From 2006, GM will be building/assembling the Hummer H3 at the Port Elizabeth plant in South Africa to make Hummers internationally available. Hummers at the Port Elizabeth plant will be built for local South African consumption and exported to Australia, the United Kingdom and Japan.

The H2 is also assembled in Kaliningrad, Russia, by Avtotor, starting in June 2004. The plant produces a few hundred vehicles annually, and its output is limited to local consumption only (five dealers in Russia initially).

On May 12, 2006, GM announced it would cease production of the original H1 Hummer.

Former GM CEO Rick Wagoner once said at the Los Angeles Auto Show said that the Hummer Brand of trucks will run on Biodiesel. However, this plan never came to fruition.

On January 02, 2009, As a result of General Motor's Chapter 11 bankruptcy, breakup and subsequent nationalization stemming from poor sales and perception of the automotive juggernaut, exacerbated by the 2009 Global Economic Recession, GM confirmed the sale of its 4x4 division, Hummer, to a relative unknown - People's Republic of China's Sichuan Tengzhong Heavy Industrial Machinery Co. LTD. It is expected this sale will save 3000 jobs in the US.

Failed sale

On June 1, 2009, as a part of the General Motors bankruptcy announcement, the company revealed that the Hummer brand would be discontinued. However, the following day GM announced that instead it had reached a deal to sell the brand to an undisclosed buyer.[3] After GM announced that same day that the sale was to an undisclosed Chinese company[4], CNN and the New York Times identified the buyer of the Hummer truck unit as China-based Sichuan Tengzhong Heavy Industrial Machinery Company Ltd.[5][6][7] Later that day, Sichuan Tengzhong itself announced the deal on their own website. On January 6, 2010, GM CEO Ed Whitacre said he hopes to close the deal with Tengzhong by the end of January 2010.[8] On 1 February 2010 it was announced that Sichuan and General Motors had agreed to extend the deadline till the end of February as Sichuan tried to get approval by the Chinese government.[9] It was also revealed that the price tag of the Hummer brand was $150 million.[10]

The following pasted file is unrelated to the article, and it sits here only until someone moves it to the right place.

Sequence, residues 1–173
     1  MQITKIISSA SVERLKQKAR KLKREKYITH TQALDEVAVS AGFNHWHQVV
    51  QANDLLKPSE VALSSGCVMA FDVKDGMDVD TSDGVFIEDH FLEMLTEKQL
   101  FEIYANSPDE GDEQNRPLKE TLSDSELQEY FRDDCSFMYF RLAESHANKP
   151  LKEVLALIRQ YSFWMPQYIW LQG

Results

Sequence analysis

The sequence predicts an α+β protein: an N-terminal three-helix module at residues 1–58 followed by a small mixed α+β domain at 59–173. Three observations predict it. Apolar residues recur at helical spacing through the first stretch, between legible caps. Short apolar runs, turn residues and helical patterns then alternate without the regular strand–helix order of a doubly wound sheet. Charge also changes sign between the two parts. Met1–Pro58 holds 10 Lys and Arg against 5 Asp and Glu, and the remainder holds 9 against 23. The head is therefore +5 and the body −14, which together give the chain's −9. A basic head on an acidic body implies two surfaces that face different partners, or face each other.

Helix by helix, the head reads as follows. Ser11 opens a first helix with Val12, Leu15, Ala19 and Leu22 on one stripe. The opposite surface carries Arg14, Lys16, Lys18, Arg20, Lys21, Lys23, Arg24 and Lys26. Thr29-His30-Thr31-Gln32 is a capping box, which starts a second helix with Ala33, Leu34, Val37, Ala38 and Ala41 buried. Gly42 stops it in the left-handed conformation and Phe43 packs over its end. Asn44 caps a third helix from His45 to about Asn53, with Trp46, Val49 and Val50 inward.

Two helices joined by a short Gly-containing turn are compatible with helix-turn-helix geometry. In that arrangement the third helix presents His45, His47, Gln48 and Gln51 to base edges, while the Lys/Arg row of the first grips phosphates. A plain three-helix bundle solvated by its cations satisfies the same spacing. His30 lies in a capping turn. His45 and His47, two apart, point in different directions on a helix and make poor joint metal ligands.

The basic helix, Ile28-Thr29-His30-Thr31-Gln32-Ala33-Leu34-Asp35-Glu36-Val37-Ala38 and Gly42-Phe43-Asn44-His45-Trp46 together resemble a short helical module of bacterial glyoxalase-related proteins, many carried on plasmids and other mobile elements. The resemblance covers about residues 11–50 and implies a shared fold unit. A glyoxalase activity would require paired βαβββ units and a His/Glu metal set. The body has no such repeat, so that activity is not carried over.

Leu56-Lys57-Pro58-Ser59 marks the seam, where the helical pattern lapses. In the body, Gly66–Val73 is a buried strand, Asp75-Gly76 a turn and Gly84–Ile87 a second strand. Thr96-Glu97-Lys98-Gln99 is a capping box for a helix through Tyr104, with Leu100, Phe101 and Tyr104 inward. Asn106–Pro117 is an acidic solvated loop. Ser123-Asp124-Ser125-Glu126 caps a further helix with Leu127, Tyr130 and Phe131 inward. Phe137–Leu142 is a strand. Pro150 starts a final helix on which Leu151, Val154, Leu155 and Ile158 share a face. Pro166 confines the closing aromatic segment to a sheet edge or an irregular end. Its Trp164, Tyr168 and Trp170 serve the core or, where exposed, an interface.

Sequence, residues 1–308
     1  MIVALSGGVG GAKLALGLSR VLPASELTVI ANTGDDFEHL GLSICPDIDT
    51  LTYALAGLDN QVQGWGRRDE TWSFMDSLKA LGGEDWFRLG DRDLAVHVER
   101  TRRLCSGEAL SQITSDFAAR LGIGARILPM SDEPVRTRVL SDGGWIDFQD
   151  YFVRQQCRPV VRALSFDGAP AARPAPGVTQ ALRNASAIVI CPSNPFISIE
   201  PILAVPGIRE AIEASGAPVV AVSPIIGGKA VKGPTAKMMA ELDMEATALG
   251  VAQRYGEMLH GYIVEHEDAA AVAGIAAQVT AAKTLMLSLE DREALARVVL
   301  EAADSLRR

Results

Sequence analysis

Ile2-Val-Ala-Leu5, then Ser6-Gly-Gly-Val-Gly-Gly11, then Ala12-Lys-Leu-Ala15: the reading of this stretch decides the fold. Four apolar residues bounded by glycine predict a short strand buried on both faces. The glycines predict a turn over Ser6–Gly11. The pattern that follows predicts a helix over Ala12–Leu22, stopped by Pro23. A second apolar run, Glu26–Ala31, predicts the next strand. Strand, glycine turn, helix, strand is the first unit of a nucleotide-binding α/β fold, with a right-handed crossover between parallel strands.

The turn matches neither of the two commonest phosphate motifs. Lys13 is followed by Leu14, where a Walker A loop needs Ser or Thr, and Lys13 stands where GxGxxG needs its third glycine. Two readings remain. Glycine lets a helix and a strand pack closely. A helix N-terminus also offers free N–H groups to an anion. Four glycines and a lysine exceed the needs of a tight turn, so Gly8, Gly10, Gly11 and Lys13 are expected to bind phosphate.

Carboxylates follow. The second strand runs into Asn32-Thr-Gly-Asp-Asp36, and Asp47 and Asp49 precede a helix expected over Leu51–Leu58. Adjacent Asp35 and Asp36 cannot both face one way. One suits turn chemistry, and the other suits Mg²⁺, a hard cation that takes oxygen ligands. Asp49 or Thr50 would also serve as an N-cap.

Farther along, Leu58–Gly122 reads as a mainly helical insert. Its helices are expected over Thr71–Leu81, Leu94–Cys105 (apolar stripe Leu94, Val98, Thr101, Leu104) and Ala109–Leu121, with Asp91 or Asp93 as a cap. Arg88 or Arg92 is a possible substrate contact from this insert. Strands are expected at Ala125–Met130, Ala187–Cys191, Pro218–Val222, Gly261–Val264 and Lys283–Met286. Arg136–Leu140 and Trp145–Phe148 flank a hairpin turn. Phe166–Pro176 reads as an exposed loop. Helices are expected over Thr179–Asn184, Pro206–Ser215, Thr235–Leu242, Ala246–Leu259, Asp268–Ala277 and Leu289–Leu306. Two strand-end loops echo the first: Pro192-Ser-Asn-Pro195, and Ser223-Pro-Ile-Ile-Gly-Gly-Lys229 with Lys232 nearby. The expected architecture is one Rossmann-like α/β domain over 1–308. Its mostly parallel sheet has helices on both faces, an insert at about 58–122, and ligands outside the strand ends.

On February 24, 2010, the deal fell through, and it was announced that the Hummer brand would soon shut down.[11] The company has announced they are willing to consider offers for all or part of the assets.


The first two Hummer models are large, heavy vehicles with large engines and complex drivelines. The H3 is smaller and geared more towards people who want an everyday SUV. They also feature aggressive styling and advertising, setting them apart from competing models. This has made them a target of criticism, as many people view Hummers as ill-suited for use as a passenger vehicle on public streets. As fuel prices have risen, detractors have also singled out the Hummer as an egregious waster of resources—a charge based largely on the Hummer's fuel consumption and size.